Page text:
The use of an old measure: the span

When the metric system was put in place, not without difficulty, in 1793, under the First Republic, then corrected in 1799, the idea was to unify a multitude of distance measurements that were used everywhere in France and in abroad. Each large city had its own standard measures, which the different craftsmen used to carry out their works and to trade, this resulted in immense complexity, which was to prove to be a source of problems when craftsmen from different regions were brought to work together.

Thanks to the use of the preparatory outline of its geometric composition, again visible in places today due to the wear of the pictorial layer, the painter from Châtel has left us clues that allow us to find the stallion that he used to draw the basis of his decor.

Thus, we see that the spacing of his compass was always the same when he was drawing a medallion or a quatrefoil and that this spacing corresponds to a dimension known to be that of a span, that is to say, the width of a hand. This span is sometimes called a pan or palm. There were several kinds of spans, but the one that measures approximately 24.8 cm has been well known and widespread in the building trades since late antiquity.

Contrary to popular belief, the craftsmen of the Middle Ages did not randomly divide the space with each new work to arrive at an empirical and non-reusable unit of measurement, but on the contrary, they used very precise standards whose use corresponded to well-established standards. This is why the 24.8 cm span (this is a span calculated on an 18-finger foot) was the norm for workers working in construction and required a standard of measurement not too large for their work, as in the case of carpenters, glassmakers, painters, etc.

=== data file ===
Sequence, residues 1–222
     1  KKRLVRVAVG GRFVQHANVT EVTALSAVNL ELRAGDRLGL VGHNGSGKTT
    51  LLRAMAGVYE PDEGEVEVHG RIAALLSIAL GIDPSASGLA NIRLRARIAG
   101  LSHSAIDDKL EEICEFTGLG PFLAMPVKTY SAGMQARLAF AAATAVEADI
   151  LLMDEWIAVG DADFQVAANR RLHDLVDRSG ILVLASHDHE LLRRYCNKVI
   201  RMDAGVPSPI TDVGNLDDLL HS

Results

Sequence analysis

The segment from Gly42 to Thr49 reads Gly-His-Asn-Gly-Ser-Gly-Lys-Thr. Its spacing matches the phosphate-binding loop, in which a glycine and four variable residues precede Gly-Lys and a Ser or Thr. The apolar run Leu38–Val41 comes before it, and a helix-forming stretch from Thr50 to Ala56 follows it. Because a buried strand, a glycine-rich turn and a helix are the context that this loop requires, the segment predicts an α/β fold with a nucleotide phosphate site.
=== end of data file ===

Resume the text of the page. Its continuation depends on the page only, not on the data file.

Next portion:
Diagram showing the use of the span by the painter of the Châtel

The painter from Theys, therefore, used his standard of measurement with a span and used it to measure the side of a large square. There again, he used a technique well known in the construction trades which consists in drawing a square and checking that its angles are right, in choosing a side of 7 units. Thus, the craftsman knows that the diagonal will have to measure approximately 10 units, and in our case that the half-diagonal will measure 5 units. This is an empirical application of the Pythagorean theorem: 72 + 72 = 98, so the diagonal measures √98 ≈ 9.89 which is a good approximation of 10. In our case, the diagonal of the large square would measure 24, 5 cm instead of 24.8 cm, or 3 mm difference.

I would like to thank Olivier Reguin, associate researcher in the history department of the University of Quebec at Montreal, a specialist in metrology, for his help and his guidance on this complex subject.